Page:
Big government assures bigger failure

To the editor:

We’ve been told by the liberal left about all of the wonderful attributes of massive government. All our needs would be met through the beneficence of this wonderful expansive government.

What we’ve gotten is something far different. We have a Justice Department that decides which laws to enforce and which to ignore. That same Justice Department is involved in covert action against people it believes are against its political positions. The department digs through personal emails (even those of family members) and files fraudulent warrants in the court system to further its subversive goals.

We’ve got an executive branch that also decides which laws to enforce (such as with immigration) and uses executive orders to end-run the legislative process. We have government agencies such as the IRS breathing down the necks of groups due to those groups taking positions that are not in favor of the current administration.

We have a legislative branch that passed the most overreaching and politically motivated piece of legislation (ObamaCare) through trickery and a bending of the legislative process. That legislation will undoubtedly be seen in the years to come to have been passed purely to bolster the voting bloc of the Democratic Party, while inflicting enormous damage to the economy.

These events are the result of the citizens of this country investing their freedom bit by bit to the new royalty class in America, the politicians. It’s said that absolute power corrupts absolutely. There are no better examples of that arrogance of power than what we are seeing from this administration.

This is a lesson for us all. Either we demand our rights back, or they will quickly cease to exist. Unless the people of this country make drastic changes in the next two elections, we can all be assured that our freedoms will be an ideal buried in the past.



A lottery for schools

To the editor:

The issue of students not achieving the minimum standard for being a productive citizen in our society is a multifaceted problem. Money isn’t the answer. However, the money problem in our school districts could be fixed with a simple enactment: a lottery. Then dedicate at least 75 percent of a state’s lottery proceeds directly to the school budget. Keep the funding at its present level, with increases tied only to inflation.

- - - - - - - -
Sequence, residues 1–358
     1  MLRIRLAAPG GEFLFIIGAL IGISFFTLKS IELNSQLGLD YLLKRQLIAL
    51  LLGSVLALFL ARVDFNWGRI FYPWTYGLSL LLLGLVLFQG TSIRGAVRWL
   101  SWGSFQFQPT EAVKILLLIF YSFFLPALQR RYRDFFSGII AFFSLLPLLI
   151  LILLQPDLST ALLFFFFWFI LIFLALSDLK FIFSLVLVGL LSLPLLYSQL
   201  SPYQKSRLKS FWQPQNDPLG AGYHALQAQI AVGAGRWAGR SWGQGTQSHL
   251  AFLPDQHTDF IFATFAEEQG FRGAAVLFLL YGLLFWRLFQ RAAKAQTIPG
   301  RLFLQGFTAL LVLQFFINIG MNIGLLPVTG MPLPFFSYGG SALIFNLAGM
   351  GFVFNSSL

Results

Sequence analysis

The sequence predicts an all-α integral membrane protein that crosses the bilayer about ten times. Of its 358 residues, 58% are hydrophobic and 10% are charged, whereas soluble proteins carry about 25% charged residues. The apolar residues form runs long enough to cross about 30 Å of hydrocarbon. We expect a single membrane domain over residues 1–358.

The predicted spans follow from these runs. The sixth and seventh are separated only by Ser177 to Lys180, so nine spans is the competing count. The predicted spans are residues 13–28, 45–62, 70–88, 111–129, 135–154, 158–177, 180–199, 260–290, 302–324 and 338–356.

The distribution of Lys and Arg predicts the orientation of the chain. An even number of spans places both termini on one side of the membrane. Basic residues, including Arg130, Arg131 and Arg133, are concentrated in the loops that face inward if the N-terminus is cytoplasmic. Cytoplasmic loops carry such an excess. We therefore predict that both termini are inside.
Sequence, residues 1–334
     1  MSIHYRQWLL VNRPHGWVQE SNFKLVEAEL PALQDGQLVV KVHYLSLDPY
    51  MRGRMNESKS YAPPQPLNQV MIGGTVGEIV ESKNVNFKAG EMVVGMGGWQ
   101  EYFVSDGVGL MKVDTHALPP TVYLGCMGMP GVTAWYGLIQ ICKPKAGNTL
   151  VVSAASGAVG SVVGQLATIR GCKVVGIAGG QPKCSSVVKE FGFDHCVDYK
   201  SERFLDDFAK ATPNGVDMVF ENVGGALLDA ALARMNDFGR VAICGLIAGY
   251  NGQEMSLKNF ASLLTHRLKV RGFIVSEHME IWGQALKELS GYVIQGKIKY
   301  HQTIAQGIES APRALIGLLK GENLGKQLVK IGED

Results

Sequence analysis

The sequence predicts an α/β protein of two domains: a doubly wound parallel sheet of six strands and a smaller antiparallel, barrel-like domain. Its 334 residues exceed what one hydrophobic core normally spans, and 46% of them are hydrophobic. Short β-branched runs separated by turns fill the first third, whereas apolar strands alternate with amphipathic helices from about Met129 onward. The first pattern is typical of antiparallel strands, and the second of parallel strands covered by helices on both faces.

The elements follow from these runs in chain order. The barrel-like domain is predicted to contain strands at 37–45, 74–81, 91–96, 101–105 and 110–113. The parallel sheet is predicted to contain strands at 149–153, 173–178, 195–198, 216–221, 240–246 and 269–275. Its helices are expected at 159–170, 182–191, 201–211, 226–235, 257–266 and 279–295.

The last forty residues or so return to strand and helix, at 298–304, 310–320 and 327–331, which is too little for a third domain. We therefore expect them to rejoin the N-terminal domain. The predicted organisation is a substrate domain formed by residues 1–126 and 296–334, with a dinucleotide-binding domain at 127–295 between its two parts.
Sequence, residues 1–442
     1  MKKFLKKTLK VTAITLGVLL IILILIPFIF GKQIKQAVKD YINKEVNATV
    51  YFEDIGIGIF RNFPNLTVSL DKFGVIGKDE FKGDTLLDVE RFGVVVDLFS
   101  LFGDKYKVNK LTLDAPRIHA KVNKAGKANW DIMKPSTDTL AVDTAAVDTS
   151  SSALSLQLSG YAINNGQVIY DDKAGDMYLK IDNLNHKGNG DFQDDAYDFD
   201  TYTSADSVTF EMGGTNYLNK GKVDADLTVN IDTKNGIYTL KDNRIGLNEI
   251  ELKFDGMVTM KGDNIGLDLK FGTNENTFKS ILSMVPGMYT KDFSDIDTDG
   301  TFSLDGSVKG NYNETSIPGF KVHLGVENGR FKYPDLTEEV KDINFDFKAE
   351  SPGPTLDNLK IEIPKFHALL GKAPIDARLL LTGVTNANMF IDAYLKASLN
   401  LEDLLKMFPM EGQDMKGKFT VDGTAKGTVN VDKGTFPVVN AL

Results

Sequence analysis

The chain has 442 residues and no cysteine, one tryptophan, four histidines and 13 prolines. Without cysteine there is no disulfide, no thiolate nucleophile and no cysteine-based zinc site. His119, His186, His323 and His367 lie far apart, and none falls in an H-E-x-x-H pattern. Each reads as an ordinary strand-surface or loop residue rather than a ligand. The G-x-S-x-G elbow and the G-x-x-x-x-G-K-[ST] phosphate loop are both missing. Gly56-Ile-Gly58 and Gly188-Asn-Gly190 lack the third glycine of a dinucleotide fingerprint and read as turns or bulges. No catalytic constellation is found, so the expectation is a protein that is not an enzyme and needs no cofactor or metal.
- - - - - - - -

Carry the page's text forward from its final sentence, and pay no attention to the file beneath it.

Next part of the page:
Student loans

To the editor:

Rep. Joe Heck’s defense of the Smarter Solutions for Students Act is another example of the House Republicans’ attack on maintaining social and economic opportunity for struggling Americans (“Taking politics out of student loans,” Wednesday Review-Journal). He takes great pride in saving taxpayers $4 billion over the next decade, but feels no concern about that $4 billion being put on the backs of a generation of college students.

The politics of subsidizing student loans is actually increasing access to and decreasing the burden of a college education, the gateway to upward mobility for millions of young Americans. As future taxpayers, they will pay back those subsidies. In an ideally progressive tax system, the more successful will pay a greater share. The core Republican objection to this concept of fairness is the true wellspring of this legislation.

Rep. Heck’s tortured double-speak about decreasing rates, when he acknowledges the act would immediately raise rates by over 30 percent, is the height of political sophistry. If he is concerned about the irresponsibility of passing temporary extensions, then make the current rates permanent. That would certainly ensure that, as Rep. Heck stated, “students can be assured that their rates will be consistent over extended periods of time.”

Rep. Heck shows Orwellian gall by cloaking his political agenda of protecting the wealthy as “working in Congress to ease the burden on students” or as something that “takes the politics out of student loan interest rates.”



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